2. Is the current OSHA PEL sufficiently protective of DOD firing-range personnel?
3. Is the current OSHA action level for medical surveillance appropriate?
4. Were data gaps identified in answering the above questions? Is research needed to fill those gaps?
Military firing ranges are specialized facilities designed for small-arms practice. Firearms can be fired inside a closed firing range or on an outdoor range. Both configurations have the potential for contamination with products of combustion (primer) or with a lead-based projectile (bullet). Depending on the weapon and the application, various specialized types of projectiles may be used. For example, jacketed bullets often consist of a soft lead core that is partially or fully encased in a shell of harder metal (such as copper). Jacketed bullets can minimize lead vaporization and particle generation. Other types of ammunition include fragmentation bullets and frangible bullets (projectiles that are designed to disintegrate on contact with a surface harder than the bullets themselves). The increasing use of full-jacketed bullets, alternative metal projectiles, and non-lead-containing primers should reduce airborne lead exposure during live-fire exercises.
The committee sought but did not find data on chemical speciation of airborne lead particles on firing ranges. The following discussion therefore is a general characterization of atmospheric lead on ranges and applies primarily to nonjacketed lead-based ammunition with lead-containing primers. As a shooter pulls the trigger, the firing pin causes the primer, which contains lead styphnate (an explosive compound), to initiate the combustion of the gunpowder in the cartridge (Valway et al. 1989). The propellant burns at temperatures up to 1,000°C and can generate pressures of up to 1,400 kg/cm2 (20,000 lb/in2 [psi]), which propel the bullet down the barrel and toward the target (NEHC 2002). At 1,000°C, lead is vaporized at the base of the bullet and is released at the muzzle, and probably at the chamber when the shell casing is ejected, as lead fume, possibly as lead oxide fume as the lead fume reacts with atmospheric oxygen. As the bullet passes through the barrel, the barrel’s rifling may generate additional particles that are released at the muzzle. Misalignment as the bullet enters the chamber from the magazine or revolver cylinder may also generate particles (Anania and Seta 1975; Fischbein et al. 1979). Large lead particles settle out quickly and deposit on the floor and other surfaces (Jones 1999; NEHC 2002). The bullets will fragment on striking the target or backstop, and this contributes to the airborne particles (Anania and Seta 1975; Fischbein et al. 1979); this source will be close to the target or backstop. Lead dust can contaminate the shooter’s hands, face, and clothing. Dermal or oral exposure can also occur during weapon cleaning or during handling of empty casings.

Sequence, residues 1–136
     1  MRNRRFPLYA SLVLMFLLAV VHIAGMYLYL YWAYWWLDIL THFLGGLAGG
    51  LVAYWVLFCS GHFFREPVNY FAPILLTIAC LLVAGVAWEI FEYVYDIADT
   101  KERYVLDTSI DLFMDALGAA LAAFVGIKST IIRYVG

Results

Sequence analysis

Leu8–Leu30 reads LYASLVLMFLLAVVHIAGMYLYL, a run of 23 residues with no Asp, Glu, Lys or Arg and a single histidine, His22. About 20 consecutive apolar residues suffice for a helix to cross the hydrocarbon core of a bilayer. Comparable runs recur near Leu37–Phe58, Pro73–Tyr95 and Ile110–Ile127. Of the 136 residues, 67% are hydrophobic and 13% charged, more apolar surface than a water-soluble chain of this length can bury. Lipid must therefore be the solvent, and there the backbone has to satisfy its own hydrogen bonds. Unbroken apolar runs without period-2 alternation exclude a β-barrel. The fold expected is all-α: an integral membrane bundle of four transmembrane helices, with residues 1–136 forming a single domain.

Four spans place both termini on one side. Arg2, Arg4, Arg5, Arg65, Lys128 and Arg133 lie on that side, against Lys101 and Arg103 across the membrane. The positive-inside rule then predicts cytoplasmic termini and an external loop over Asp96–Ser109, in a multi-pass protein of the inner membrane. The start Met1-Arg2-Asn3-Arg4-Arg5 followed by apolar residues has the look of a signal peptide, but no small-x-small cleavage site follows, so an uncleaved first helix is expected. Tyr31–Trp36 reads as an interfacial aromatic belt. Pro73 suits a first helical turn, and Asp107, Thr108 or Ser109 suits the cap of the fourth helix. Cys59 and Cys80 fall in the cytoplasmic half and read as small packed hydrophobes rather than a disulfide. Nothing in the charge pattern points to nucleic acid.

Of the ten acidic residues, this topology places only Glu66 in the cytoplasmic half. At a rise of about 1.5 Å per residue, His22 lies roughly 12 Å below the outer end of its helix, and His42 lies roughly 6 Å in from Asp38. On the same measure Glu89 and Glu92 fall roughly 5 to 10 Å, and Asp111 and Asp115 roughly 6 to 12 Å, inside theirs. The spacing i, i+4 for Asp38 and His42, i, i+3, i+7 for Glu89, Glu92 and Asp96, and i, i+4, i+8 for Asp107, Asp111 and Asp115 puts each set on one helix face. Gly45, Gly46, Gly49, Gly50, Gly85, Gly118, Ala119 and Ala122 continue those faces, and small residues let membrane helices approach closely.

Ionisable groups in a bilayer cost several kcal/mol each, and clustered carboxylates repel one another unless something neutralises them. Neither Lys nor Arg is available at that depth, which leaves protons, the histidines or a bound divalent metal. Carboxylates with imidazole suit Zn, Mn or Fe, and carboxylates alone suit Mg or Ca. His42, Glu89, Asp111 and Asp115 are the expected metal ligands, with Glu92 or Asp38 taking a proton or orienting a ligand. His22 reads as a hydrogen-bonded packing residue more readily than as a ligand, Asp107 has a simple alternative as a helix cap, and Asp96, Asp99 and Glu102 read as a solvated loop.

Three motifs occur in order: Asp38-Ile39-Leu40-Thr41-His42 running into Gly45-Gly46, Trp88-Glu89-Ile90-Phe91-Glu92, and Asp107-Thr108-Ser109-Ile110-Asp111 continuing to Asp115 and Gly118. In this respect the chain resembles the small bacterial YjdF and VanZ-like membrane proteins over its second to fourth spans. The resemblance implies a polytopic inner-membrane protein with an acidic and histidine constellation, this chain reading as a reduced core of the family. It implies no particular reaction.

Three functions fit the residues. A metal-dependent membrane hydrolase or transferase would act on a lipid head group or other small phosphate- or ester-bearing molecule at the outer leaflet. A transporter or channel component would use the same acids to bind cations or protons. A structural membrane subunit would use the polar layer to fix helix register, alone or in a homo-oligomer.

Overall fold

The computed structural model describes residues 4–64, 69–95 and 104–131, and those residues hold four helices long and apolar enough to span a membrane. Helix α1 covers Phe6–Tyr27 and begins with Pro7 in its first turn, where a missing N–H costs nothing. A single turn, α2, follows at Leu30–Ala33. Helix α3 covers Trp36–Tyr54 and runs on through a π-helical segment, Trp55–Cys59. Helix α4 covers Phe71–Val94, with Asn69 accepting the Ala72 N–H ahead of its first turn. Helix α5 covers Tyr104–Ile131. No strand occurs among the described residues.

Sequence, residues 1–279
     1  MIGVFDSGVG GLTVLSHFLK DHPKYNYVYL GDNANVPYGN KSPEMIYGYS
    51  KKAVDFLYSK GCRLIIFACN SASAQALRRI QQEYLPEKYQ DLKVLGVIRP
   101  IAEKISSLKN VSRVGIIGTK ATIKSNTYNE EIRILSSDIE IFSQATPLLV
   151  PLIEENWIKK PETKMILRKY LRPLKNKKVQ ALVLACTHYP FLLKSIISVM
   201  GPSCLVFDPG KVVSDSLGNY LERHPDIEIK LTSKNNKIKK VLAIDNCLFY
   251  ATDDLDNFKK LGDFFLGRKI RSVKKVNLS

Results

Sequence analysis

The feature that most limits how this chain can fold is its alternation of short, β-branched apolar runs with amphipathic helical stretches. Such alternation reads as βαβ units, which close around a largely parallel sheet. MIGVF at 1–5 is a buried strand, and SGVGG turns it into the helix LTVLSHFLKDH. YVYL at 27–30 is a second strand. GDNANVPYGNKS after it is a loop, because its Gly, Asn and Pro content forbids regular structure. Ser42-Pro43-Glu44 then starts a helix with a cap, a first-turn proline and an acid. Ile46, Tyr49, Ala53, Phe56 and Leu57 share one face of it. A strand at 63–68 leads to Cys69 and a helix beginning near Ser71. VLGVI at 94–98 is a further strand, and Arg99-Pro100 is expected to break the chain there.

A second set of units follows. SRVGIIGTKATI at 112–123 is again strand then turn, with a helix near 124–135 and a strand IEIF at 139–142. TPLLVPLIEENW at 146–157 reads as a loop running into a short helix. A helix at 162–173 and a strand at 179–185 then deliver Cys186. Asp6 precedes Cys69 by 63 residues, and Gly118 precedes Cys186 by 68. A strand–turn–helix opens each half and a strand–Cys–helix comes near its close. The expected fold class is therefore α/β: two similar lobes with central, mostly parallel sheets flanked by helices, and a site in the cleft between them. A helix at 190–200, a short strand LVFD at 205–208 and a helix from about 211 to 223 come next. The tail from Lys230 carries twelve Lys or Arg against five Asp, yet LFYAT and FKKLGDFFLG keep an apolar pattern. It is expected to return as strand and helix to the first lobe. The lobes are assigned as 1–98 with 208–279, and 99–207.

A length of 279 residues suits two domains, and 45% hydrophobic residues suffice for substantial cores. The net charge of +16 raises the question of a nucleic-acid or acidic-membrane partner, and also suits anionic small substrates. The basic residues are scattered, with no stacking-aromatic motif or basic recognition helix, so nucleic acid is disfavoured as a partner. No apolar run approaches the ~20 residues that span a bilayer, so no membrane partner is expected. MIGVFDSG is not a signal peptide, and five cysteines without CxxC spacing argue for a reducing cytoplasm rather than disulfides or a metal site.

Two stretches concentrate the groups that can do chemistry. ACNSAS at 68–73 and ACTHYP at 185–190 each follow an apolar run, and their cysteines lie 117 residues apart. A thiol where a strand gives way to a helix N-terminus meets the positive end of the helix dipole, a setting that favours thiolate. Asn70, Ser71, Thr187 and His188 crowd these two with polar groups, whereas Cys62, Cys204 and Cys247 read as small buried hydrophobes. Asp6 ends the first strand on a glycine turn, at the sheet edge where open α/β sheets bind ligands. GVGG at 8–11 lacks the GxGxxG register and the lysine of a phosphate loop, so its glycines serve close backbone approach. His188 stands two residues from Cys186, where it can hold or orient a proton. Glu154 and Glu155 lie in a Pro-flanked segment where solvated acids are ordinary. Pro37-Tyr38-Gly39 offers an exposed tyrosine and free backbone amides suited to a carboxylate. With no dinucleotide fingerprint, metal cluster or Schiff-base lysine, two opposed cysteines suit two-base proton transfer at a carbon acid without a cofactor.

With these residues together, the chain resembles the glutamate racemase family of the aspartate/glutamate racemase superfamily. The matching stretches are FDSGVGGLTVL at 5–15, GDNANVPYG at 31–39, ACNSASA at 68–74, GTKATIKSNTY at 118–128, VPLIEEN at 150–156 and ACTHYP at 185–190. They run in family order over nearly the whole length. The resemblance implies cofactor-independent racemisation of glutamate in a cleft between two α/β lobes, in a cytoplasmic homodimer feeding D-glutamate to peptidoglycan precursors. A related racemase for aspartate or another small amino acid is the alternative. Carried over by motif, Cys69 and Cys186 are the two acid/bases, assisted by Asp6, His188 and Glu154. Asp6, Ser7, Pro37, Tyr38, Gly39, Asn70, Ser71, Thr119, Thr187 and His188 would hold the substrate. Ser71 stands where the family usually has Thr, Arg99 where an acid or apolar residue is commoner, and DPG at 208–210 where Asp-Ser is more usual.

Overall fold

US Military Firing Ranges
Military firing ranges can be indoor or outdoor and may be restricted to particular weapons (such as pistols, rifles, grenade launchers, and machine guns). A firing range typically is overseen by supervisory personnel (such as a range master or a range safety officer) who are responsible for ensuring that all safety rules are followed. Modern firing ranges are designed to prevent injury and property damage caused by misdirected or accidental firing and ricochets. They are also designed to direct ricochets away from the firing line (DOE 2012). Various materials are commonly used for that purpose, including concrete, gravel-filled concrete-masonry units, sand, stone logs, and earth. Some surfaces (such as baffles, wing walls, and metal connectors) may be covered with plywood to prevent back splatter.
Indoor ranges typically have specially constructed back walls or bullet traps, roofs, and side walls. Outdoor ranges may have concrete tubes to prevent stray shots (such as 10-m machine gun ranges), may lack a backstop to allow rounds to travel to their maximum range, or may be designed as fully or partially contained ranges (combination of side walls, bullet trap, canopy baffle, and
overhead baffles). Proper firing-range ventilation systems push and pull smoke and lead particles away from the shooting line to reduce lead exposure. However, because of the high noise levels produced at firing ranges (over 140 dB), many ranges have an air-locked corridor for soundproofing with doors at opposite ends of the egress corridor; most indoor ranges therefore have more lead-dust contamination than outdoor ranges because of their semiclosed (air) environment. Lead exposure in indoor ranges occurs at the firing line (for example, from primer ignition and muzzle blast) and at the bullet trap from projectiles’ striking of the trap (Jones 1999).